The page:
A Heterotopic Xenograft Model of Human Airways for Investigating Fibrosis in Asthma.


Limited in vivo models exist to investigate the lung airway epithelial role in repair, regeneration, and pathology of chronic lung diseases. Herein, we introduce a novel animal model in asthma-a xenograft system integrating a differentiating human asthmatic airway epithelium with an actively remodeling rodent mesenchyme in an immunocompromised murine host. Human asthmatic and nonasthmatic airway epithelial cells were seeded into decellularized rat tracheas. Tracheas were ligated to a sterile cassette and implanted subcutaneously in the flanks of nude mice. Grafts were harvested at 2, 4, or 6 weeks for tissue histology, fibrillar collagen, and transforming growth factor-β activation analysis. We compared immunostaining in these xenografts to human lungs. Grafted epithelial cells generated a differentiated epithelium containing basal, ciliated, and mucus-expressing cells. By 4 weeks postengraftment, asthmatic epithelia showed decreased numbers of ciliated cells and decreased E-cadherin expression compared with nonasthmatic grafts, similar to human lungs. Grafts seeded with asthmatic epithelial cells had three times more fibrillar collagen and induction of transforming growth factor-β isoforms at 6 weeks postengraftment compared with nonasthmatic grafts. Asthmatic epithelium alone is sufficient to drive aberrant mesenchymal remodeling with fibrillar collagen deposition in asthmatic xenografts. Moreover, this xenograft system represents an advance over current asthma models in that it permits direct assessment of the epithelial-mesenchymal trophic unit.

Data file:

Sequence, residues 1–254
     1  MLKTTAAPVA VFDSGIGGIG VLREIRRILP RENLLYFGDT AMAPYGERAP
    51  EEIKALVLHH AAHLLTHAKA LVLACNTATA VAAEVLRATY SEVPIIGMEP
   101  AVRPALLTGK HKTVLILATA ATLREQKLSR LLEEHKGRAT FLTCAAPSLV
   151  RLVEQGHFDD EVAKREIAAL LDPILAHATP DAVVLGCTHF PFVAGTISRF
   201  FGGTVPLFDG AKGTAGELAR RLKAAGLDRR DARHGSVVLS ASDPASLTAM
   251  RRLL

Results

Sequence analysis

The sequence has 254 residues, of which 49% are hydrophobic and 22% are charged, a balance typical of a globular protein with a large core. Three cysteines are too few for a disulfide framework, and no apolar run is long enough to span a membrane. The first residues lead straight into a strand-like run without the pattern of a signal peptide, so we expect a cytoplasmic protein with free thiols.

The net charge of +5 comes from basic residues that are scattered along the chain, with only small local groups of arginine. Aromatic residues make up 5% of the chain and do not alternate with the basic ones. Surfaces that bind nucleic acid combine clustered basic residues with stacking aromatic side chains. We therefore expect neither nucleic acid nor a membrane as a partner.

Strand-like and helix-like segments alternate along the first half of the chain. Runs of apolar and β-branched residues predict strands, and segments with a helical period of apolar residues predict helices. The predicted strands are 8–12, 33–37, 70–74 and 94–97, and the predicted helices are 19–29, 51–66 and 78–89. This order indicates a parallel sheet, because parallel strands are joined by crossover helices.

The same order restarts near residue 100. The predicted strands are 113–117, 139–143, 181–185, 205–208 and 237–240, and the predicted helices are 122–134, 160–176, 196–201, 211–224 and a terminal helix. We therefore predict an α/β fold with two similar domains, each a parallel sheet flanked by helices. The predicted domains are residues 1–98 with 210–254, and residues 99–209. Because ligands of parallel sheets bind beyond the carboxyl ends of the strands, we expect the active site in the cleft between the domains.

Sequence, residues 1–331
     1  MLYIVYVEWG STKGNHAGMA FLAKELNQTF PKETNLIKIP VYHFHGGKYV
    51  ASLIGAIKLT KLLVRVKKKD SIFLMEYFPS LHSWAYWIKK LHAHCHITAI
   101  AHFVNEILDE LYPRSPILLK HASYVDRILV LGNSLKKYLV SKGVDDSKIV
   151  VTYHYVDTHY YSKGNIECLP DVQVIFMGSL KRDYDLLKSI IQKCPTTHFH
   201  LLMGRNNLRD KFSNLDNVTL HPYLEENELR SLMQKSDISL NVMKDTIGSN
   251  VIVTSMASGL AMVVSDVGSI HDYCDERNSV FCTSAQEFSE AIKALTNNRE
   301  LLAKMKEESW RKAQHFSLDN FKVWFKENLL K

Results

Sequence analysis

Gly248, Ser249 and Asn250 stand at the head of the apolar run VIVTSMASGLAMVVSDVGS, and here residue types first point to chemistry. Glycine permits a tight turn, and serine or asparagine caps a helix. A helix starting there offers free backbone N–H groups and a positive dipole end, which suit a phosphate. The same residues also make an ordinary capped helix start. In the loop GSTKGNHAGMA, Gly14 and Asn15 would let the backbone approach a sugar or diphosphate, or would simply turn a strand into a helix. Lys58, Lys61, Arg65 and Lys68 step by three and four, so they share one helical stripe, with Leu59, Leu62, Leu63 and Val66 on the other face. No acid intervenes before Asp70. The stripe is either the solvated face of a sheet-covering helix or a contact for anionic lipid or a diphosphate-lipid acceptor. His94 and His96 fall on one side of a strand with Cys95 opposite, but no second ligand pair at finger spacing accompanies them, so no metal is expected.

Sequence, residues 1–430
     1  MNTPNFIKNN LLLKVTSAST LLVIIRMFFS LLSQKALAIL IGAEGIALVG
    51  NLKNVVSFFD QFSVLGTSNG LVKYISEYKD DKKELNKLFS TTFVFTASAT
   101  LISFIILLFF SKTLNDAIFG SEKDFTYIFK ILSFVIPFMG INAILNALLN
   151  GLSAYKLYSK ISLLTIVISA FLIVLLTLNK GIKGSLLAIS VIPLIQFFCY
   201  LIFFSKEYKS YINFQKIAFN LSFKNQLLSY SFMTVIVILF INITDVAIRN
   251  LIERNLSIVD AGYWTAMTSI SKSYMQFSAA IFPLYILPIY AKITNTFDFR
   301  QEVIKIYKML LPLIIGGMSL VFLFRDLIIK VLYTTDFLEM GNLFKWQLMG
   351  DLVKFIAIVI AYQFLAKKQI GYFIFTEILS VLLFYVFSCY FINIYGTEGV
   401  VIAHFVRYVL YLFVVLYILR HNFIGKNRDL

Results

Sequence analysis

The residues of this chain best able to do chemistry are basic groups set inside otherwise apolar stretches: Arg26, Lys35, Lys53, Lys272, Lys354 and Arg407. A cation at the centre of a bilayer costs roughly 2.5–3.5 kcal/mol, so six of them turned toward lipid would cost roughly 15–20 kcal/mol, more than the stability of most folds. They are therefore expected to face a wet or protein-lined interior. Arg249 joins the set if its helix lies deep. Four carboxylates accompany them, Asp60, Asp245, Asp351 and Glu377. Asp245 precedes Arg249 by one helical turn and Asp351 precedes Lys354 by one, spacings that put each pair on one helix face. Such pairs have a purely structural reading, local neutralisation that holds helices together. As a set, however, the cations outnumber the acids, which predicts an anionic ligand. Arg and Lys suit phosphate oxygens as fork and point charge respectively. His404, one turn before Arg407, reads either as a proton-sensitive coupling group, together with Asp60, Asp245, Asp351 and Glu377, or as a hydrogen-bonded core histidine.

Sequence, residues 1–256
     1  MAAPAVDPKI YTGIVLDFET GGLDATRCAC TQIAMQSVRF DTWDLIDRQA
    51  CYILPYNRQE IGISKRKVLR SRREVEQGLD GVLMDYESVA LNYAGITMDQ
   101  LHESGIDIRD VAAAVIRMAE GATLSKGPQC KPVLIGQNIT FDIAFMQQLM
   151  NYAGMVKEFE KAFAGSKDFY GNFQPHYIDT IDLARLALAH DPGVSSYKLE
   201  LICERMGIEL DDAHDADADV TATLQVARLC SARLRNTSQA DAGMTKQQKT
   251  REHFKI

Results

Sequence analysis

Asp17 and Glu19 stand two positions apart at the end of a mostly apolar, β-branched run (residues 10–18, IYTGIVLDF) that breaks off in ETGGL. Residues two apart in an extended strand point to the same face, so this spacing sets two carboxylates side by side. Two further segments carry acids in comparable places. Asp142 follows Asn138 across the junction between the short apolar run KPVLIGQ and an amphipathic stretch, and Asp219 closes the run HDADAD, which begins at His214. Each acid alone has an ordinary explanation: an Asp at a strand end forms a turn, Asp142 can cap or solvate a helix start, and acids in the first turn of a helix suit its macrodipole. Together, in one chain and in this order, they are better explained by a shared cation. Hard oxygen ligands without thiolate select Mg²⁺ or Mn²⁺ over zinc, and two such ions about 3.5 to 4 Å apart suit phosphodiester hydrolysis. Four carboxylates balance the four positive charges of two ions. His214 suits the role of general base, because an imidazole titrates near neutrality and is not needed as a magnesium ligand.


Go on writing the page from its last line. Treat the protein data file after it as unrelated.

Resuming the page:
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Publication Info

Hackett, Tillie-Louise, Sarah C Ferrante, Claire E Hoptay, John F Engelhardt, Jennifer L Ingram, Yulong Zhang, Sarah E Alcala, Furquan Shaheen, et al. (2017). A Heterotopic Xenograft Model of Human Airways for Investigating Fibrosis in Asthma. American journal of respiratory cell and molecular biology, 56(3). pp. 291–299. 10.1165/rcmb.2016-0065ma Retrieved from https://hdl.handle.net/10161/25435.

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Jennifer Leigh Ingram

Associate Professor in Medicine

Dr. Ingram's research interests focus on the study of airway remodeling in human asthma. Proliferation, migration, and invasion of airway fibroblasts are key features of airway remodeling that contribute to diminished lung function over time. Dr. Ingram uses molecular biology approaches to define the effects of interleukin-13 (IL-13), a cytokine abundantly produced in the asthmatic airway, in the human airway fibroblast. She has identified important regulatory functions of several proteins prevalent in asthma that control fibroblast growth and pro-fibrotic growth factor production in response to IL-13. By understanding these pathways and their role in human asthma and the chronic effects of airway remodeling, novel treatment strategies may be developed.

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